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When the downturn in the oil and gas sector began to bite, Ian Watson-Ross found his options for securing work were quickly beginning to diminish.

The father-of-two from Crieff in Perthshire had 14 years’ experience as a health and safety consultant in the sector when the work dried up.

With fewer posts available and a greater number of people chasing them, employers were increasingly looking for more qualifications, leading the 43-year-old to consider ways improving of his own CV.

After identifying a postgraduate course that could boost his employment chances, Ian applied to the Transition Training Fund for support.

“When the downturn began in the oil and gas industry, companies started asking for degree level candidates in health and safety as there was a large amount of people looking for work,” Ian said.

“They could set the bar higher and ask for the minimum of a Bachelor’s degree, which I didn’t have.”

The Transition Training Fund is administered on behalf of the Scottish Government by Skills Development Scotland (SDS).

Ian initially applied to the fund while still in work and was turned down, but after re-applying he worked with a Transition Training Fund adviser at SDS to ensure his application met the requirements.

“It’s a scary thing being made redundant, and the oil and gas sector is an ageing industry. If re-training can help people like me stay in the sector then it helps keep a lot of experience which might otherwise be lost.”

Ian Watson-Ross

“I spent a bit of time with the adviser on the application, and eventually it was approved,” he said.

“I had to provide evidence of the drop in salary that I’d taken, and evidence that I had been applying for posts which now required candidates who were educated to degree-level.

“I was looking to study a one-year distance learning postgraduate certificate in occupational health and safety management with the University of Portsmouth which cost just under £3000.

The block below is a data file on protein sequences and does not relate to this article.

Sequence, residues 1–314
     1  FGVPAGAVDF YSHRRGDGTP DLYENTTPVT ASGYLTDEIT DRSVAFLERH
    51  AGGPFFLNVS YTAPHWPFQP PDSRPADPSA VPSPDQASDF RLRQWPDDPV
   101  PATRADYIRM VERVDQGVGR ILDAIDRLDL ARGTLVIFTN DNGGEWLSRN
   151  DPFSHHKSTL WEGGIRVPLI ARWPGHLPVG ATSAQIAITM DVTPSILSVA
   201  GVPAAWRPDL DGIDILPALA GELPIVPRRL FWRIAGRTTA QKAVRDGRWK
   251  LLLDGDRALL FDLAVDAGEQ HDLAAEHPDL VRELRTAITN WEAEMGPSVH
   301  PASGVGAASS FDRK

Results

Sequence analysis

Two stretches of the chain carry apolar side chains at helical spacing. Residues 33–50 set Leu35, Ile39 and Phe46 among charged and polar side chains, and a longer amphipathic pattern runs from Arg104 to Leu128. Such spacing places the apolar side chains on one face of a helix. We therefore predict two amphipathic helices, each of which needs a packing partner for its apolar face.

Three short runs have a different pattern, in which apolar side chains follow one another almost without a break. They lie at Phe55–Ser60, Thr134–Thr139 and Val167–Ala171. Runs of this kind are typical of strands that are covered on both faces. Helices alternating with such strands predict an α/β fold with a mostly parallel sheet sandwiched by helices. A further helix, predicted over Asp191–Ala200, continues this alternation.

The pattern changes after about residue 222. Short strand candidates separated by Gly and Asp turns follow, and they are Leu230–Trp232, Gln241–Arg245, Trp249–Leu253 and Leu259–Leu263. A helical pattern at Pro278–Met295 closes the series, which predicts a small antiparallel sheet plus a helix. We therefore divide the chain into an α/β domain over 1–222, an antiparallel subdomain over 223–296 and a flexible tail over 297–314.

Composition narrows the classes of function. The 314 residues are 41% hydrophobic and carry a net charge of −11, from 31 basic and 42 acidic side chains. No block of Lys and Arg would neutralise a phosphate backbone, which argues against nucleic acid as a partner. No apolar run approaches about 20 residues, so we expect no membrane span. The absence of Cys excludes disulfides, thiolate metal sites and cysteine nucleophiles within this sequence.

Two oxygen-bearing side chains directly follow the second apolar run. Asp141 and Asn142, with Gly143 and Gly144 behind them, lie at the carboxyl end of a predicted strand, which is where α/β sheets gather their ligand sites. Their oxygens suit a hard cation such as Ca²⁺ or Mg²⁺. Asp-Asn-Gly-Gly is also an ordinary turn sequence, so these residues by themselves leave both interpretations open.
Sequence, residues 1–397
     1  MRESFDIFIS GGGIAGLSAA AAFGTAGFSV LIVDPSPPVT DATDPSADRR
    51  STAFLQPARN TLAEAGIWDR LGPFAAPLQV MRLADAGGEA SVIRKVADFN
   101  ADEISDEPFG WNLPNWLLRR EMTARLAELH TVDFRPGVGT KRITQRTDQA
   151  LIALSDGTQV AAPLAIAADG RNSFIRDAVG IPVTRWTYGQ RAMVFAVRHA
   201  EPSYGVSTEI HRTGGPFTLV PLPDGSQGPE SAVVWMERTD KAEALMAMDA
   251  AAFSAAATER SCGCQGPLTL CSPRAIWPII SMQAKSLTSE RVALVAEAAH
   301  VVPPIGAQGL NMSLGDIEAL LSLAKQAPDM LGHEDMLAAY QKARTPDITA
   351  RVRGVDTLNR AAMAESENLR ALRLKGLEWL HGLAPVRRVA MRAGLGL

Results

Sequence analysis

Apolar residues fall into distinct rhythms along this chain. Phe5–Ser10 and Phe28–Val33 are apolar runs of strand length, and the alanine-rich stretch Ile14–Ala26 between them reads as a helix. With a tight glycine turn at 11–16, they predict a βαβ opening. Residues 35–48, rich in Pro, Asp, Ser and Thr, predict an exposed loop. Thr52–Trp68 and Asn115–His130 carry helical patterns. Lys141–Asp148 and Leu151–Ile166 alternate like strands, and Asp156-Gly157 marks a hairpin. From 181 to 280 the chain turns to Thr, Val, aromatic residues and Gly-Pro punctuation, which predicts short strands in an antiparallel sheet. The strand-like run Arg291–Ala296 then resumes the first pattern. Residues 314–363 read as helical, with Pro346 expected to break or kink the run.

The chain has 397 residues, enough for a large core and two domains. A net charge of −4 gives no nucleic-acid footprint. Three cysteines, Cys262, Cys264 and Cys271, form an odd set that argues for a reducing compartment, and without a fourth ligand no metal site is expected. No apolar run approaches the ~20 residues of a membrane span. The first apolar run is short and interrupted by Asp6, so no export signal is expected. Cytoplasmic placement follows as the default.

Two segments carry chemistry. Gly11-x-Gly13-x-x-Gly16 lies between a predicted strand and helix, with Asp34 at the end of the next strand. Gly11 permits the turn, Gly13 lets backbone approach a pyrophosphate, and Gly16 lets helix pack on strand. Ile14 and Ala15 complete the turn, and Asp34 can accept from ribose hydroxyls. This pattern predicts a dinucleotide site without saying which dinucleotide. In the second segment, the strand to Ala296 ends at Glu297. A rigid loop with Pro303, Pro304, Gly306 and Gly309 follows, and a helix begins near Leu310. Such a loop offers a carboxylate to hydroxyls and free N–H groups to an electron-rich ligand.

“Money was obviously tight at the time and if it wasn’t for the Transition Training Fund and the support I received in applying, I wouldn’t have been able to gain this qualification.”

Daunting prospect

Ian admits that the prospect of returning to education following 14 years in the industry, plus a decade before that in the military, was a daunting one.

“I didn’t know what to expect as I had been out the education system for such a long time,” he said.

“I doubted whether I would be able to go back to that level of study.

“Speaking with the university put me at ease as they thought I’d be fine with it due to everything I’d done, and I was fine with it.

“It took all my experience from the oil and gas industry and from the military, along with my education, and it tied it all together into a qualification that’s recognised around the world. I actually got a Distinction.”

The qualification provided the missing link on Ian’s CV. After a short stint working in Angola, he secured a post in Kuwait before his studies had even finished.

He said: “I’ve always worked in safety offshore, on drilling rigs coaching and teaching personnel, and I’m pretty much doing that in Kuwait.

“My title now is Deep Drilling and Workover HSE Supervisor. I look after two or three rigs and oversee the contractor, making sure safety standards and procedures are being adhered to.

“The only reason I got that was because I was due to finish my postgraduate course. There’s no chance I would have got that without it.

“I’m still applying for positions as I’d like to work in Scotland again, and now my CV is getting more interest as I’ve got this postgraduate certification.”

Keeping experience

The Transition Training Fund is open to anyone who has worked in the oil and gas sector or in the oil and gas supply chain as an employee or contractor and has either been made redundant or is at risk of redundancy.

Applicants must be actively looking for work and be able to show that the training they wish to undertake will help them find a new job.

As a result of his experience, Ian would recommend that others in his situation look to the Transition Training Fund, and believes it’s important for the long-term health of the oil and gas sector as well for helping people like him get back into work.

“I would recommend it,” he said. “At that point in your life, if you’re looking for education or re-training, you need all the help you can get.

“It’s a scary thing being made redundant, and the oil and gas sector is an ageing industry. If re-training can help people like me stay in the sector then it helps keep a lot of experience which might otherwise be lost.”

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